There’s a lot of room for mistakes to be made in real estate transactions by both buyers and sellers. In fact, buyers and sellers often make the same mistakes or at least similar mistakes but coming at them from different ends. And these mistakes can often be enormously costly. But with foreknowledge, you can be safeguarded from making such mistakes. To that end, we offer these 6 mistakes buyers and sellers make during real estate transactions in Virginia, Maryland, and D.C..
1. Waiting Too Late to Do the Prep Work
Before any successful real estate transactions in Virginia, Maryland, and D.C. can take place, properties have to be prepared for sale. Almost every home needs some work, things such as cleaning/de-cluttering, painting, plumbing, and electrical repairs, roof repairs, kitchen, and bathroom upgrades, curb appeal enhancement, and so on. The point is that it almost always takes a good amount of time.
One of the common mistakes in real estate transactions in Virginia, Maryland, and D.C. involves waiting too long to do this necessary work. This is an acute problem when you are both a seller and a buyer – when you are selling one home and buying another to move into.
Here’s what can happen according to one top agent . . .
My client “was trying to buy and sell simultaneously. [I] advised him repeatedly to start prepping the home, but he kept pushing it off and pushing it off, despite actively looking for a new home and submitting offers. Once the client went under contract to buy a home, suddenly he found [himself] rushing to list his existing home. When they finally finished prepping, it was already October – precisely when the market was slowing down and it became tougher to find a buyer.”
2. Having Too Little Financial Cushion
Often, both buyers and sellers proceed with too little financial cushion, and that winds up being a mistake in real estate transactions in Virginia, Maryland, and D.C.. Without enough reserve money, they wind up in a financial tight spot when they either sell for less than expected or have to pay more than anticipated.
Her’es what the pros advise to avoid this situation: “Give yourself a cushion on what you need to sell your existing home for . . . If you’re hoping to use the entire sale price as a down payment on another home, move forward with the assumption your home will sell for less than expected.”
3. Being Unwilling to Compromise
Another mistake buyers and sellers make during real estate transactions in Virginia, Maryland, and D.C. is simply being unwilling to compromise. Being too intransigent or too unwilling to give a little can ultimately kill the deal.
More often than not, this is a mistake sellers make after the inspection reveals problems. Sellers often hold out for the asking price without being willing to make needed repairs. “A little compromise,” experts say, “goes a long way, especially when there are two escrows (or more) on the line.”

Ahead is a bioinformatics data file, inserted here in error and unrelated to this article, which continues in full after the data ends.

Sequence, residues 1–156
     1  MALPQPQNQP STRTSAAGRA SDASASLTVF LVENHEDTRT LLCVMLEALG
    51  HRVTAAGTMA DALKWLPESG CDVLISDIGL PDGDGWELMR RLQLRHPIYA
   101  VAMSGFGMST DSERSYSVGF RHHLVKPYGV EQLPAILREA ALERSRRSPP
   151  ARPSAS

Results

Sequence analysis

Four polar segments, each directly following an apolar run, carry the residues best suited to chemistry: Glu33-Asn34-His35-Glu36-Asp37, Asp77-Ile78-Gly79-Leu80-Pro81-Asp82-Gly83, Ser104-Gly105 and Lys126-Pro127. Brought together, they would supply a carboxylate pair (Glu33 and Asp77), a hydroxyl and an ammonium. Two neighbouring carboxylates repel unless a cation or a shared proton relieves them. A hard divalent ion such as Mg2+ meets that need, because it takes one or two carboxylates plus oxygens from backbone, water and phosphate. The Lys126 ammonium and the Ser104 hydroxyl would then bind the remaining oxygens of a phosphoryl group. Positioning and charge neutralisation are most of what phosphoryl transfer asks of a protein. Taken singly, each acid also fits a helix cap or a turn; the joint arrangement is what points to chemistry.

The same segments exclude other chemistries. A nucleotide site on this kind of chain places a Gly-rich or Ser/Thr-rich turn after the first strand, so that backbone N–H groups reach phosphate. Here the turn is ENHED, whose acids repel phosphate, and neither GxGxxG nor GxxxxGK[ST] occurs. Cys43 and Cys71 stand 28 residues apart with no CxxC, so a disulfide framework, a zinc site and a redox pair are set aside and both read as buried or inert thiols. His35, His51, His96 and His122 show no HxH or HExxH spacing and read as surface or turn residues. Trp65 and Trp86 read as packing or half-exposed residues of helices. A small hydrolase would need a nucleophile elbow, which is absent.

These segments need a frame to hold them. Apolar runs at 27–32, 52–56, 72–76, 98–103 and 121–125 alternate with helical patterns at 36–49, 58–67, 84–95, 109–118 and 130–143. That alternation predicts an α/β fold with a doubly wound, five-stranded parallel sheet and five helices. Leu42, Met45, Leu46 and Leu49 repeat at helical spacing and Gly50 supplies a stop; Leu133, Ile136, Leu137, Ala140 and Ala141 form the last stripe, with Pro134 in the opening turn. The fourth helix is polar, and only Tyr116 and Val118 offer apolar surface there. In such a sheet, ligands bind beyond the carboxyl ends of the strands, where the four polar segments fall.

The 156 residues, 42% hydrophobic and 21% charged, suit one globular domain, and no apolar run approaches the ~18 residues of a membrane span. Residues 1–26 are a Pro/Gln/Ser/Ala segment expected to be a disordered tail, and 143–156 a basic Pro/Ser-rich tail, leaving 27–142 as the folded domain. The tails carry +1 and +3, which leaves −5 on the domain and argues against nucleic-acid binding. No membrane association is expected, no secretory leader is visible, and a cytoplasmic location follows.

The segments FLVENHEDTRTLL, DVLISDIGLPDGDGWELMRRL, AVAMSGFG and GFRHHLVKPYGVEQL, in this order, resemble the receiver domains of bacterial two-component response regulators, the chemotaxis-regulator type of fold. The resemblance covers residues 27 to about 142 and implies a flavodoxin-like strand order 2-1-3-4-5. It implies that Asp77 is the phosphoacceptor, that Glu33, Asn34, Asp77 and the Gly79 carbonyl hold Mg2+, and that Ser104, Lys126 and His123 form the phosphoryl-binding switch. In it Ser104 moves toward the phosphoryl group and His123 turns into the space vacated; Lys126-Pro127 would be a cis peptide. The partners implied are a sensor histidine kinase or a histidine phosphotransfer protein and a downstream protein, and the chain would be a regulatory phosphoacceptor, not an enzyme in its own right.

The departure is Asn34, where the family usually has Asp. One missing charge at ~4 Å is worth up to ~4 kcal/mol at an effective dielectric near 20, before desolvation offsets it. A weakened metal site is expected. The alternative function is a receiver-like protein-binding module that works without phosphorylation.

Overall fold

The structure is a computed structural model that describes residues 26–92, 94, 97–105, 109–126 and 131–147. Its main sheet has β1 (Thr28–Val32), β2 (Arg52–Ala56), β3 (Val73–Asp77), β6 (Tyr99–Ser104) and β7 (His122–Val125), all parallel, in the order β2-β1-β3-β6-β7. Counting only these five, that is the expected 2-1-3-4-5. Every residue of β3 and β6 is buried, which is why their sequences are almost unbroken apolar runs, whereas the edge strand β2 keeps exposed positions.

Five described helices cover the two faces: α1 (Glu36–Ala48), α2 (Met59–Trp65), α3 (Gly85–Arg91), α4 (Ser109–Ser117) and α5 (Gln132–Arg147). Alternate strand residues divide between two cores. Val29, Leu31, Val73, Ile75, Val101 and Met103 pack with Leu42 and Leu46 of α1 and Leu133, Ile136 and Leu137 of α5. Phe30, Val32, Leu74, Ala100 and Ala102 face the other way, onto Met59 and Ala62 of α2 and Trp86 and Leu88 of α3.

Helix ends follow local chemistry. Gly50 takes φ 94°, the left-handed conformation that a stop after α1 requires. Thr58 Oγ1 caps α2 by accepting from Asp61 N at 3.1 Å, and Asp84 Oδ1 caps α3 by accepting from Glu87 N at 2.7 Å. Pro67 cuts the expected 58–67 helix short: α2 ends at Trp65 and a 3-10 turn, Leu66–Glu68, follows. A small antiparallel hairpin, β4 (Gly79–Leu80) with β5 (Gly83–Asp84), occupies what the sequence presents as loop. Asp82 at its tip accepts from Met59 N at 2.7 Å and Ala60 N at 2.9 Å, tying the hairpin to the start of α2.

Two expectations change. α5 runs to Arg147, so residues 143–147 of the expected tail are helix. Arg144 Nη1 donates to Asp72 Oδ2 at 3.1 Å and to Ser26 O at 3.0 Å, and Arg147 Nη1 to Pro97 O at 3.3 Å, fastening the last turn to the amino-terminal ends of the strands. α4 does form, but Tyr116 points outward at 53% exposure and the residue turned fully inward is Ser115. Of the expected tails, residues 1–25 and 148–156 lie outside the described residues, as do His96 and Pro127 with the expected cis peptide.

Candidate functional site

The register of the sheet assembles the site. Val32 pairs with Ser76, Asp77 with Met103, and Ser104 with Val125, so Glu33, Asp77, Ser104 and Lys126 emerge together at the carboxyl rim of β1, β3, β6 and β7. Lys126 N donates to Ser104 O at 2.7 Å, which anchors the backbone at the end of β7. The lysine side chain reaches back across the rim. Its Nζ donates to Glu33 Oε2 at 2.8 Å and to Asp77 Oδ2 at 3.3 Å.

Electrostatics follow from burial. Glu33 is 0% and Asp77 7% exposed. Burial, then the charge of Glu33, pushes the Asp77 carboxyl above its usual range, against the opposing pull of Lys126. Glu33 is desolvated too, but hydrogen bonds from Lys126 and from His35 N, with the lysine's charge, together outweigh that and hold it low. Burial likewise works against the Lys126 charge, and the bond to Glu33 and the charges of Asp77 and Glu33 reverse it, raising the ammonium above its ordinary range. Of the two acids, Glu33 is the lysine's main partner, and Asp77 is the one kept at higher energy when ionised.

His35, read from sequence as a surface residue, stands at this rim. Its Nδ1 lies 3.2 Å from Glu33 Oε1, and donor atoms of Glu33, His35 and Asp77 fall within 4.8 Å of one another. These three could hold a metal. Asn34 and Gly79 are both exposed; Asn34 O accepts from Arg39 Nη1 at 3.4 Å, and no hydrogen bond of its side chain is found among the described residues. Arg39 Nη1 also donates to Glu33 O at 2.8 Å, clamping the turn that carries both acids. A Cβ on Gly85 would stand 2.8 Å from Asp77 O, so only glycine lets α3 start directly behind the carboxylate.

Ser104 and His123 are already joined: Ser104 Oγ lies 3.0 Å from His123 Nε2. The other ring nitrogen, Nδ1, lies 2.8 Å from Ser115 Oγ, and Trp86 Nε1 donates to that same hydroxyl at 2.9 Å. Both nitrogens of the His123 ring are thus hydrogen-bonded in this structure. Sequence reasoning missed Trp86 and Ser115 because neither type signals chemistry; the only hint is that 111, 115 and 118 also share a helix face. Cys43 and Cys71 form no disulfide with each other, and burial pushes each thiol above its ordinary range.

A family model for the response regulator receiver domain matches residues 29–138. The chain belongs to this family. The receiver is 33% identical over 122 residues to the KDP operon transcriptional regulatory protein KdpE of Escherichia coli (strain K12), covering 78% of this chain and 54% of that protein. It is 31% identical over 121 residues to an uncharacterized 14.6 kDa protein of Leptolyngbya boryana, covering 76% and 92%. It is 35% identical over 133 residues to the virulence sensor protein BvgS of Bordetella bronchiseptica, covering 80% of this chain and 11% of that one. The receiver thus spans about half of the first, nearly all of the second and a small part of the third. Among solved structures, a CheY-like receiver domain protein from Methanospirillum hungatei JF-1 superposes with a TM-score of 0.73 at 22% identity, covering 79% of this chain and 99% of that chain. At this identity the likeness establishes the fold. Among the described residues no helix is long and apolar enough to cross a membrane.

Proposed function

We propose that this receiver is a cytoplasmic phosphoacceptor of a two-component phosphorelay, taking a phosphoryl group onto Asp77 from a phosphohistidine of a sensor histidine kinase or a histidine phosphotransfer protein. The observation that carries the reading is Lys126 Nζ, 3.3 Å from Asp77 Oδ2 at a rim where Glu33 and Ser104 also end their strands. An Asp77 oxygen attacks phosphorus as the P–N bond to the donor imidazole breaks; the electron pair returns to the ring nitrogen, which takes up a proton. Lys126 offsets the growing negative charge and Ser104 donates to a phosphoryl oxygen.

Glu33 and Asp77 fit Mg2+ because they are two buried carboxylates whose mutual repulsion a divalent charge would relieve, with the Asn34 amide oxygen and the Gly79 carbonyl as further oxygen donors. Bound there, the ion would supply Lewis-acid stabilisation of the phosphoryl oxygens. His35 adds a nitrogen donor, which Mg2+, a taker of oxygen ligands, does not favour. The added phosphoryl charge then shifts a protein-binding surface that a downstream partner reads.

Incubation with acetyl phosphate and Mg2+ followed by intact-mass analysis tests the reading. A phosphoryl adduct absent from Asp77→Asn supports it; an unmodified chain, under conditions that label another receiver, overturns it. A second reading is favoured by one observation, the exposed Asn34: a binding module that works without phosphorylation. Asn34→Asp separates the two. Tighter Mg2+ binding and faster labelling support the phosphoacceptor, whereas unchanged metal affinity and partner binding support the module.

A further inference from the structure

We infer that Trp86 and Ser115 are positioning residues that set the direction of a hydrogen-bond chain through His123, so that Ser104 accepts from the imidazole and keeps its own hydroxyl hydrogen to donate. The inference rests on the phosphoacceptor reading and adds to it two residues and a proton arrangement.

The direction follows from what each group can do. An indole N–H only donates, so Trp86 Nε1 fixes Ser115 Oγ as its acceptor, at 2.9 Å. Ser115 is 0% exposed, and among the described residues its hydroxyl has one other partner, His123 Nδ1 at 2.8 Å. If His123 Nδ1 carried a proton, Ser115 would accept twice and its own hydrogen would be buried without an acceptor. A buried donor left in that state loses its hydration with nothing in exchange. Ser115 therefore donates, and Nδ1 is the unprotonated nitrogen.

4. Closing on Friday or Late in the Day
A common mistake combination buyers-sellers (those who need to sell a home and buy another) in real estate transactions in Virginia, Maryland, and D.C. is closing at the wrong time. Ideally, you don’t want to close on Friday or late in the day.
If you need to sell and buy within a few days, say, two or three, closing on Friday doesn’t allow the buffer time you’ll need. “That’s because bank transfers can take a few days to go through. In order to ensure there’s money in your account when the time comes, buffer a few days to transfer funds.”
Closing late in the afternoon isn’t a good idea and for similar reasons. Banks typically stop doing wire transfers by about 3:00 pm, which means the money won’t arrive in your account on the day of closing if you close late in the day. So try to schedule your closing in the morning.
This is an area where your local agent can advise you on the best way to proceed. To find out more, call 703-782-4422.
5. Being Unrealistic About Price
A very common and widespread mistake buyers and sellers make during real estate transactions in Virginia, Maryland, and D.C. involve unrealistic expectations concerning price. Sellers typically think they can sell for more than is realistic, and buyers expect to pay less than is realistic.
But the reality is that real estate pricing is based almost solely on market value – not what you want for your house or what you’d like to pay for a house. Fair market value is determined primarily by means of a tool called a comparative market analysis, which examines prices of recently sold houses with similar features in the immediate area.
6. Not Listening to Their Agent
And sometimes buyers and sellers don’t or won’t listen to the expert advice and guidance of their agent. This mistake buyers and sellers make during real estate transactions in Virginia, Maryland, and D.C. has the potential to be the most devastating. If you have a trained, skilled, experienced real estate agent, you’d do well to heed what she tells you to avoid costly mistakes. Find out today how our agents can help you avoid mistakes. Call us at 703-782-4422 or send us a message!